One of the unfortunate realities of working in healthcare is that bad things happen. There are wrong-site surgeries, medication errors, and unexpected deaths, to name a few. Thankfully, they don’t happen often; we work hard to keep people safe, so when things like this happen, we do a lot of investigation.
Often, these things aren’t one person’s fault; they’re a combination of processes that failed or actions not taken, so we do something we call an RCA, or root cause analysis. It’s designed to not place the blame on an individual, but to look at processes and where we can improve.
We create a timeline of events, gather the people who were involved, outline the contributing factors, and discuss what we knew when we knew it. It’s easy to fall into hindsight, but we have to keep in mind that certain details weren’t known at the time. We also come up with ideas for preventing this from happening again.
RCAs are good things. They always result in change, improvement, learning, and the chance for the staff to come to terms with what is usually an emotional situation.
It occured to me that we don’t have the same kind of analysis after a service failure.
When it comes to patient complaints and, to a large degree, patient grievances, we apologize, maybe take some money off the bill, talk to the person against whom the complaint was made, do a little coaching, and that’s about it. We don’t do nearly the amount of problem-solving that we do with quality and safety events.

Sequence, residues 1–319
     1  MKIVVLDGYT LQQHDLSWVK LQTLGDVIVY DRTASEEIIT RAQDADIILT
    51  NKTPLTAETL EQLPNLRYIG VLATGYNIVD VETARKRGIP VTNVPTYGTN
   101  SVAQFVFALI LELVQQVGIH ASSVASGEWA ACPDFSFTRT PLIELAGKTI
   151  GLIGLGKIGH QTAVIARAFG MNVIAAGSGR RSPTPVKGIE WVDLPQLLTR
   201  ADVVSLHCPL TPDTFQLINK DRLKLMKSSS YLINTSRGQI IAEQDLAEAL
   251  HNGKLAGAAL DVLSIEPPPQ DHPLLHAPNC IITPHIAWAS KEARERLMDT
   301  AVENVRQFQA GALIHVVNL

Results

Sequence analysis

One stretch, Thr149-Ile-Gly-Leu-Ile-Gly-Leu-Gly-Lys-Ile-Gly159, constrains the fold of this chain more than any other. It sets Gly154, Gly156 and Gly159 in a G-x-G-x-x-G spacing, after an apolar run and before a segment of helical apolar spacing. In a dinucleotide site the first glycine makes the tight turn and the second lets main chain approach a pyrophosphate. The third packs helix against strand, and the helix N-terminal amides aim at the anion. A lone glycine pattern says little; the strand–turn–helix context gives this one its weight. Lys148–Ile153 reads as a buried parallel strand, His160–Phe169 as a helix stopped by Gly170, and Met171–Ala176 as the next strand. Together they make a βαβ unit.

Why is that?
For starters, I think we still believe that good service is a nice-to-have, not a have-to-have in healthcare. There are still plenty of clinicians who feel that if you didn’t die, you’ve got no reason to complain.
I think the bigger issue, though, is that it’s just harder to measure. It’s easy to know when something that is never supposed to happen happens. Quality issues are black and white; did you end the surgery with the same number of sponges you started with? Was the right dose of medication delivered at the right time and by the right route? These are yes-no questions. It happened or it didn’t.
Service isn’t so simple. They’ve tried to make it black and white with checklists that contain all the steps in AIDET and all the evidence-based practices we strive to do. Did you knock before entering the patient’s room? Check. Did you round on the patient every hour? Check. Did you manage-up the previous nurse who’s going home for the day? Check.
All of these are good, but they don’t guarantee the patient will have a good experience. Sometimes we do these things but in a manner that comes off as insincere. It happened, but the patient didn’t feel it. How do you measure that?
Patient experience is a gray area in an industry that prefers black and white. When the patient complains, we say,”She was just crabby, We did everything we could do and we still couldn’t make her happy. That’s just how some people are.” And that’s that. We shrug our shoulders and say, “Oh well,” and put her in the They’ll-Never-Be-Satisfied bucket. No real investigation, no problem solving, no improvement plan.
We just don’t see service events as being as serious as quality ones. And until we do, we will continue to have them.
Can you imagine how things would change if we did an RCA on every patient complaint? It feels impossible and overwhelming now but, if we did them consistently, we’d have fewer and fewer of them.
Does your health system treat them differently?